Come November, the University of Iowa will have a businessman with little experience in academia at its helm, and many faculty members are not happy about it.
The Iowa Board of Regents unanimously appointed former IBM senior vice president Bruce Harreld as Iowa’s next president last week, despite outspoken criticism of Harreld as lacking the necessary qualifications to lead a university.
Harreld was one of four publicly announced finalists for the position and the only one without experience in higher education administration. He is a consultant who formerly worked as an executive at IBM, Kraft General Foods and Boston Market Company restaurants.
Faculty members have expressed concerns that Harreld lacks the knowledge and skills to work under a shared governance model and understand the complexities of leading a multibillion-dollar academic and research organisation. Many worry that he will view the institution with a corporate mindset, and that he will allow the regents to make the wrong changes to the university.
An American Association of University Professors survey of 164 Iowa faculty and 122 students and others found that fewer than 5 per cent of respondents felt that Harreld would make a good president. Other groups that collected faculty comments, including the search firm Parker Executive Search and Iowa’s Faculty Senate, have not publicly shared summaries of that feedback.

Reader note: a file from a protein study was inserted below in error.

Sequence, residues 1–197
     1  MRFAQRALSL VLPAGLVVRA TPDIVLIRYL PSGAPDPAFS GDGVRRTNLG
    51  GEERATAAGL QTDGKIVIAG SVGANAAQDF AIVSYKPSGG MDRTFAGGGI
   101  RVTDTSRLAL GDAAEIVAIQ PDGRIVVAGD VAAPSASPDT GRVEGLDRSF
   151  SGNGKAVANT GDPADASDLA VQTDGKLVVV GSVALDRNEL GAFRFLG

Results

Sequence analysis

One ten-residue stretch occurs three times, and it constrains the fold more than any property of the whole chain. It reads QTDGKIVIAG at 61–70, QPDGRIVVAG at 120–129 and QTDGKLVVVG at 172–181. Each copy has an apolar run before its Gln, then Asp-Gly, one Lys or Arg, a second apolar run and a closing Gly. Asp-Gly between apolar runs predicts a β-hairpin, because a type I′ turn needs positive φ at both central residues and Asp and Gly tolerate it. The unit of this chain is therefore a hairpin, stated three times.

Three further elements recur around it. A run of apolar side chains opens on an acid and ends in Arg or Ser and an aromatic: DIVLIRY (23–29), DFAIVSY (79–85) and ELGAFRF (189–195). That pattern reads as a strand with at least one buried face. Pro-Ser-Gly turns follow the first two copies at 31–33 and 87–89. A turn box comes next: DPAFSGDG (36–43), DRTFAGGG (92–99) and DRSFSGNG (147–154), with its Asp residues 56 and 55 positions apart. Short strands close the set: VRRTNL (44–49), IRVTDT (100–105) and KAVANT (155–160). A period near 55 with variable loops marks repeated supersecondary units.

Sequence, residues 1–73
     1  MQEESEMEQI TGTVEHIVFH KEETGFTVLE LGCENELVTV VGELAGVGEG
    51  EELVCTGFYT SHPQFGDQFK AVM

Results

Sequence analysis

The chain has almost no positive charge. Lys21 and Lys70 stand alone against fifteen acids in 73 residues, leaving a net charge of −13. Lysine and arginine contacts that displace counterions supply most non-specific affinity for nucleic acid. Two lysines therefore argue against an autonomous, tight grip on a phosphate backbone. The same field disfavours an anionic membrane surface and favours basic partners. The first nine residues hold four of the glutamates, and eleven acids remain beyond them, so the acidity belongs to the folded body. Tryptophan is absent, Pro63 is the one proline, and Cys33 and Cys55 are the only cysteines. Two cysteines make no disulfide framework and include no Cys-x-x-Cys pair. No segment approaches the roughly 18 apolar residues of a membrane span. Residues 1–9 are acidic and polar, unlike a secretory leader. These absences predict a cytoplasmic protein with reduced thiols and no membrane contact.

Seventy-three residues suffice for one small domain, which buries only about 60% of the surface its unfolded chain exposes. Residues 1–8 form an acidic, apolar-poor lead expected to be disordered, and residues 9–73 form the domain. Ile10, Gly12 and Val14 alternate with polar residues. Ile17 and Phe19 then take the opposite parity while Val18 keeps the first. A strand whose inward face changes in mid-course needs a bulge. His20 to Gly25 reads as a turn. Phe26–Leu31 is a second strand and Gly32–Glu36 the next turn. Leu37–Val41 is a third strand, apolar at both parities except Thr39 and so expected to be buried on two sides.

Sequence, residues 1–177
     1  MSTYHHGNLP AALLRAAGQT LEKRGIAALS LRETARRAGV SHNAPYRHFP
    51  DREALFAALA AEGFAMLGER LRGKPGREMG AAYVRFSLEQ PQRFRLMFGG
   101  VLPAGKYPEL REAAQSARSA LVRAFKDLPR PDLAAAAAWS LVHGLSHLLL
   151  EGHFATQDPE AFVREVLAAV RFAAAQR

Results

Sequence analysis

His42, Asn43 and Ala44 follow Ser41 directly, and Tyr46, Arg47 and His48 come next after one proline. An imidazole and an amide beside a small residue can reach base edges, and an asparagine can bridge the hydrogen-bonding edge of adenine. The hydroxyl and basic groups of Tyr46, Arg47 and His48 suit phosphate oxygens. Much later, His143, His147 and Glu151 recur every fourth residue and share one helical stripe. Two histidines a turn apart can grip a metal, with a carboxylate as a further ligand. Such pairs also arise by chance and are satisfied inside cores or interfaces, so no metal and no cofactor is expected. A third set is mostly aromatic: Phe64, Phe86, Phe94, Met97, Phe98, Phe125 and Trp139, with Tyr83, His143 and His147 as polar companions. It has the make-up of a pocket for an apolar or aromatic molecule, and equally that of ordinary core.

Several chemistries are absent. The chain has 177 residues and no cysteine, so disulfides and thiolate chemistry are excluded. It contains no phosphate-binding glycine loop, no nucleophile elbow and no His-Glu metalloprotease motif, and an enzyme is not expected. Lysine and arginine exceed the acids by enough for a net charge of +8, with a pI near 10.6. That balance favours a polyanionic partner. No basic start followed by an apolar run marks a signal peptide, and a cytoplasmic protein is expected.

“Bruce Harreld is taking on the presidency under an enormous cloud and it’s going to take a lot of work to begin to make his presidency work effectively and to gain the trust of the community,” said Ed Folsom, an English professor who served on the presidential search that produced Sally Mason, whose retirement in August created the vacancy that the board is filling. “The fear of a good part of the university community is that he is assuming a presidency that…looks to the Board of Regents for guidance and approval, rather than looking to the university community for guidance and approval.”
Harreld won the job over three other finalists with experience in higher education administration: Marvin Krislov, president of Oberlin College; Michael Bernstein, provost of Tulane University; and Joseph Steinmetz, provost at Ohio State University.
On Tuesday, Harreld participated in a forum with professors, students and others that was at times contentious. He was questioned about his background in business and his knowledge of Iowa and higher education and asked point-blank why he wanted to be Iowa’s president.
“There’s been a lot of discussion, and I think appropriate discussion, about my background,” he said, adding that he’s led “transformational” turnarounds in the corporate sector and wants to usher Iowa through an era of challenges.
“My experience is that organisations don’t actually maintain themselves. They either go up or they go down…Winners can very quickly become losers. Great institutions have an ability to fall very quickly,” he continued. “As good as you are, you need to prepare yourself for what's coming ahead.”